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DNA, Ancestry and Identity

“There is no longer Jew or Greek; there is no longer slave or free; there is no longer male and female, for all of you are one in Christ Jesus” (Gal. 3:28).

I have a photo of my deceased father taken in the 1930s when he was a young man. He looks very handsome with jet black hair, dark brown eyes and a rather dark complexion. He is wearing a black business suit with a white shirt and tie. He looks like a Spanish aristocrat. Given the 80-years-war between Spain and the Netherlands (1568-1648), it’s not difficult to believe that there was considerable mixing of the gene pool between the two cultures.

I have been tempted to send my saliva sample to Ancestry.ca and spend the hundred dollars or so to get a DNA analysis of my cultural heritage. I wouldn’t be surprised to discover a fair percentage of Spanish “blood” lurking there. And clearly, given its popularity, lots of other folks are equally interested in doing the same thing. I wonder why? Maybe just for fun, but could it be that the direct-to-consumer DNA tests promising to uncover people’s genetic ancestry also risks reinforcing crude notions of race, and even racist thinking?

No biological basis
Scientists completed mapping the human genome in 2003 and confirmed that the three million base pairs of genetic letters were 99.9 percent identical in every individual. In other words, any given person is, on average, only 0.1 percent different genetically from every other person on the planet, irrespective of the race with which they identify. Broad racial distinctions such as Caucasian, Asian or African, and even finer distinctions based on nationality, are purely sociocultural distinctions that have virtually no basis in biology. The human colour coding of the South African apartheid regime, or Nazi notions of a pure Aryan race have no biological basis and serve purely racist ideologies. White supremacists are certainly no more “supreme” genetically that any group of people. Unfortunately, there is a distinct possibility that the hunger for knowing from which parts of the world our genes come can lead to a kind of racist reductionism or an unhealthy focus on nationalistic pride that serves only to mask racial prejudice. This, by the way, is my main critique of the modern Olympic movement which is often nothing more than a crude form of my country-is-better-than-your-country jingoism.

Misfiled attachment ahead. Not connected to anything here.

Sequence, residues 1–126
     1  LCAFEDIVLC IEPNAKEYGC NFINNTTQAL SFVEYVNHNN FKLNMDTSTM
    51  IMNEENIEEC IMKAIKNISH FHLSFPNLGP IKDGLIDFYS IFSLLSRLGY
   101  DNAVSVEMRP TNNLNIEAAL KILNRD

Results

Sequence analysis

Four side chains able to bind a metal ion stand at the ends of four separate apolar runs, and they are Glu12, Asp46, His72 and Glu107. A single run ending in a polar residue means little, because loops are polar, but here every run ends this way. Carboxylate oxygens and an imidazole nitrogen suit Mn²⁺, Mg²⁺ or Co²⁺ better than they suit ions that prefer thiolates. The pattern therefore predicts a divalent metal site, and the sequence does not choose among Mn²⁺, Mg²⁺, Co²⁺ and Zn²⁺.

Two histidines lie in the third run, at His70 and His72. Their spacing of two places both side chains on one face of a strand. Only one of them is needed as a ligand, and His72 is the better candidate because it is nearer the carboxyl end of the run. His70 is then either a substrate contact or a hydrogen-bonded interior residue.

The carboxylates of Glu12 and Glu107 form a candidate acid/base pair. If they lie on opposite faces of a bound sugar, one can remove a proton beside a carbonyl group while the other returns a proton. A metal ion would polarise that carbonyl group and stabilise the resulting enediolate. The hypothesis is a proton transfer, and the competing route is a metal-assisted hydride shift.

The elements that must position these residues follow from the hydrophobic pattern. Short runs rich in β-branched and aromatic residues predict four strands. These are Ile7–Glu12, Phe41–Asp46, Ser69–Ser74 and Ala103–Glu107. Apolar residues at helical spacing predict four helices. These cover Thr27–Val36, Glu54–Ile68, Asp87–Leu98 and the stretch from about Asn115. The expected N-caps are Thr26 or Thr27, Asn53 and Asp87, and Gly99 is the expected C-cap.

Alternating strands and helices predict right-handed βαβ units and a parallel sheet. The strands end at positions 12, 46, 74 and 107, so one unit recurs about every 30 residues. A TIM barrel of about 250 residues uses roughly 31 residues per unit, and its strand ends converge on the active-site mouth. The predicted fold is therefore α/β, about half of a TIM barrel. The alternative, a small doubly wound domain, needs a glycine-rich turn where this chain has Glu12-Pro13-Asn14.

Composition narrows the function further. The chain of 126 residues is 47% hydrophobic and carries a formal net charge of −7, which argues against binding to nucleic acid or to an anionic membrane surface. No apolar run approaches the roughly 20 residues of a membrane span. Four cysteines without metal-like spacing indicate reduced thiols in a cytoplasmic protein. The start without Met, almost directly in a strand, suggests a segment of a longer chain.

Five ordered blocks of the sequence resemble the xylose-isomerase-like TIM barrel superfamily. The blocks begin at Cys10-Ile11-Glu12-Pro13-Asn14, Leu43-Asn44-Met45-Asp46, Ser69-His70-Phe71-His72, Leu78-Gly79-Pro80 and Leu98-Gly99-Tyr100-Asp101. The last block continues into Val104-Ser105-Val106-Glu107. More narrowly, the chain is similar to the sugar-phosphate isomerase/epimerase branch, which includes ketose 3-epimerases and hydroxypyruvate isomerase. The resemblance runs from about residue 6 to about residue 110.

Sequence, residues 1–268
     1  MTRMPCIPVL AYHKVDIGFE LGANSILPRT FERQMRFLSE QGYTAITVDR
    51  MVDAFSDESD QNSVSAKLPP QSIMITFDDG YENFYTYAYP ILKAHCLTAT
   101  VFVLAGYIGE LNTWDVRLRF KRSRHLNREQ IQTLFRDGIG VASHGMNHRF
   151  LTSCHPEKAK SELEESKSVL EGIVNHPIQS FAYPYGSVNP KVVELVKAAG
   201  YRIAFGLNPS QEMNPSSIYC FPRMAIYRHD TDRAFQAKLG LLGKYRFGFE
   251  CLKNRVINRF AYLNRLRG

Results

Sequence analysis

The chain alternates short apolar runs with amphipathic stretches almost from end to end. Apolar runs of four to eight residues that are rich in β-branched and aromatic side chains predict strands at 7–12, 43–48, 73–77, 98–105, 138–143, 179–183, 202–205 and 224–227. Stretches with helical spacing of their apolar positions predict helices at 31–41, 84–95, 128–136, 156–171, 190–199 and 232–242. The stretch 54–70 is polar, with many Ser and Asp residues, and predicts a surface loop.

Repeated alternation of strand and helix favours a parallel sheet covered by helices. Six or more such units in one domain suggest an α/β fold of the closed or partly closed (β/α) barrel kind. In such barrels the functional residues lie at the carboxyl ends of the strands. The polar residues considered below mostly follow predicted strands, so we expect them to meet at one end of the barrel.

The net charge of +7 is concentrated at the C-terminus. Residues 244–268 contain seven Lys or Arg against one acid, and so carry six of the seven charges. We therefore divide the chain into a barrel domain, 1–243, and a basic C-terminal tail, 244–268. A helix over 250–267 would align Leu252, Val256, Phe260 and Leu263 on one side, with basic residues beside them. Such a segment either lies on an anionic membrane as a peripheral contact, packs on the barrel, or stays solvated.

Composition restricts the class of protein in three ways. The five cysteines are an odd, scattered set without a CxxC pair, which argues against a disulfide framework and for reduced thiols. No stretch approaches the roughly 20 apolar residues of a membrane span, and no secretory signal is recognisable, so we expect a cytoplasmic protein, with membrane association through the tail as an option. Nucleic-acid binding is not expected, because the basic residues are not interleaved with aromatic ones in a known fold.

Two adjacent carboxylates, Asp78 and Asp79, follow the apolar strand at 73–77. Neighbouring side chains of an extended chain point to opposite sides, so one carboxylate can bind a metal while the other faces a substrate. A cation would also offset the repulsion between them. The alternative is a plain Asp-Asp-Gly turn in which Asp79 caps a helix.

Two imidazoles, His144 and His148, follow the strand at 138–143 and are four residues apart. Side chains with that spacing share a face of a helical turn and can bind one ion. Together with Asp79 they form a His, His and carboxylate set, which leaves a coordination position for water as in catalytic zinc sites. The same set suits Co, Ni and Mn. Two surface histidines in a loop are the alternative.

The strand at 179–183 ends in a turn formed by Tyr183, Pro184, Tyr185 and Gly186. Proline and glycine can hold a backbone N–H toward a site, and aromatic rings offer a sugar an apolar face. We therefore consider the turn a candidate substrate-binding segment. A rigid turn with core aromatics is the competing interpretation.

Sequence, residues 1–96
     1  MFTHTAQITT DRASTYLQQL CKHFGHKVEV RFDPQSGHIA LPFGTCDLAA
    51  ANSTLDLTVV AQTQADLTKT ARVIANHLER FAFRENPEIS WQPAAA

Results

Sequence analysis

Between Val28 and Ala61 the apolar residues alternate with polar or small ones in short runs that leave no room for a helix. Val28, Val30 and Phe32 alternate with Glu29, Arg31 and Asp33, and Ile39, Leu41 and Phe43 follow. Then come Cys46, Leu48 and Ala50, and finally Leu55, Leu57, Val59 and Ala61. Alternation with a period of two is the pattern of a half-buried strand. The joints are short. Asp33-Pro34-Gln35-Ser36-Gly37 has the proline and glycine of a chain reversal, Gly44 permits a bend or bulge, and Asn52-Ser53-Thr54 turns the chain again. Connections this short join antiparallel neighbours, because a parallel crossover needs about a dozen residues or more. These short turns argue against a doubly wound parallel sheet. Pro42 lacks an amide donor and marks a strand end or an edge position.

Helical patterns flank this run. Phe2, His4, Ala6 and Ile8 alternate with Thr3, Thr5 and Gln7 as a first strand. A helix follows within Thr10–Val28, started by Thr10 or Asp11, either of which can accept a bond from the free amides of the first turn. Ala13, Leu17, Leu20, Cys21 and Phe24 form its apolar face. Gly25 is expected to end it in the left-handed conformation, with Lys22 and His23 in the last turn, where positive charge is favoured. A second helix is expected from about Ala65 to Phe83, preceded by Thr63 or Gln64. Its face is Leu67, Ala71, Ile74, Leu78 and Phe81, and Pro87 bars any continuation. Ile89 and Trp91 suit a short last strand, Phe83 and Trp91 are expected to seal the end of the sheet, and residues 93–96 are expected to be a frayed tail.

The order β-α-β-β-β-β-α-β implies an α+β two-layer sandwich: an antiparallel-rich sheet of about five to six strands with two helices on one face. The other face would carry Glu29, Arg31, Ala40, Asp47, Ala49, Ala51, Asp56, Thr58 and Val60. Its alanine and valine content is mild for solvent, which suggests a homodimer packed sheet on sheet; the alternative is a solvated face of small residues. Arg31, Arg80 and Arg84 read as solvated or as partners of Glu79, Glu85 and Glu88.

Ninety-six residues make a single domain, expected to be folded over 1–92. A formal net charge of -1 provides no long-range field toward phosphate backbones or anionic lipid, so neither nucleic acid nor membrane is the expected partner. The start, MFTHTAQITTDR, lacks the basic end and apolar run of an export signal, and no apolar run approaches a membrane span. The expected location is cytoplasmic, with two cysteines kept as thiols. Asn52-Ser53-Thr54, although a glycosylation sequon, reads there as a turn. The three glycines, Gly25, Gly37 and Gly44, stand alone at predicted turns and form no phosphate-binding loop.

Jesus interacted with Samaritans and Roman centurions. St. Peter was instructed in a dream not to call anyone unclean (i.e. non-Jews) when God, in Jesus, views all humans as having been created in God’s image and thus worthy of salvation. And St. Paul also stresses that many differences, including those of nationality and race, are irrelevant to those who are “in Christ.” As St. Paul also pointed out, from a human standpoint, he had a lot to boast about given his pure Jewish ancestry and rabbinical learning. But he counted all of that as nothing compared to the salvation he had received in Christ. Note that this didn’t mean he boasted about being a Christian; rather, he gave all glory to Christ his Lord.

I’ve decided not to send my saliva to Ancestry.ca because I already know my true identity in Christ. 

Author

  • Robert (Bob) Bruinsma is a retired Professor of Education (The King’s University) living in Edmonton. He has interests in language and literature and loves birds and the outdoors. To help pass the time on long winter nights, he makes wine and beer (and drinks it in moderation) with his wife of 46 years (Louisa). Bob is a member of Fellowship CRC where he tells stories for children and happily participates in weekly communion. He and Louisa have three grown children and three little grandsons.

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